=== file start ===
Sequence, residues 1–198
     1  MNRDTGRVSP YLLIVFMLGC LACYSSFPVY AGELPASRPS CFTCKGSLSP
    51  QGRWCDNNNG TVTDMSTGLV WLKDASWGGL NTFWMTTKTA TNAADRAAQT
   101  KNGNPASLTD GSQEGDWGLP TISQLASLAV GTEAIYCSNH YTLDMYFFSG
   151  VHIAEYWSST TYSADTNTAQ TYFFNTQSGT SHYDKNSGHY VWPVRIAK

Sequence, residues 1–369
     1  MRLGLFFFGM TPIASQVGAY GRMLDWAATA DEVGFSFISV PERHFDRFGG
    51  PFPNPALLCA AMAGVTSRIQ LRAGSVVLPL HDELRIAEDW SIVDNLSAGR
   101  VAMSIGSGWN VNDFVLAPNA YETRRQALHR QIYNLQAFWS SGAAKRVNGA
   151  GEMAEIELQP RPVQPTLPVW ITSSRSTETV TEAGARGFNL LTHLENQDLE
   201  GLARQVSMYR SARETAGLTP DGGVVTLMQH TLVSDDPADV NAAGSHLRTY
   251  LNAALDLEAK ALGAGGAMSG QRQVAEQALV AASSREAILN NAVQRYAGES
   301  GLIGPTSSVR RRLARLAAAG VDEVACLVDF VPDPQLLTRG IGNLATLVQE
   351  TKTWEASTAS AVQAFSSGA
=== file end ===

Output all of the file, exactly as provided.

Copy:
Sequence, residues 1–198
     1  MNRDTGRVSP YLLIVFMLGC LACYSSFPVY AGELPASRPS CFTCKGSLSP
    51  QGRWCDNNNG TVTDMSTGLV WLKDASWGGL NTFWMTTKTA TNAADRAAQT
   101  KNGNPASLTD GSQEGDWGLP TISQLASLAV GTEAIYCSNH YTLDMYFFSG
   151  VHIAEYWSST TYSADTNTAQ TYFFNTQSGT SHYDKNSGHY VWPVRIAK

Sequence, residues 1–369
     1  MRLGLFFFGM TPIASQVGAY GRMLDWAATA DEVGFSFISV PERHFDRFGG
    51  PFPNPALLCA AMAGVTSRIQ LRAGSVVLPL HDELRIAEDW SIVDNLSAGR
   101  VAMSIGSGWN VNDFVLAPNA YETRRQALHR QIYNLQAFWS SGAAKRVNGA
   151  GEMAEIELQP RPVQPTLPVW ITSSRSTETV TEAGARGFNL LTHLENQDLE
   201  GLARQVSMYR SARETAGLTP DGGVVTLMQH TLVSDDPADV NAAGSHLRTY
   251  LNAALDLEAK ALGAGGAMSG QRQVAEQALV AASSREAILN NAVQRYAGES
   301  GLIGPTSSVR RRLARLAAAG VDEVACLVDF VPDPQLLTRG IGNLATLVQE
   351  TKTWEASTAS AVQAFSSGA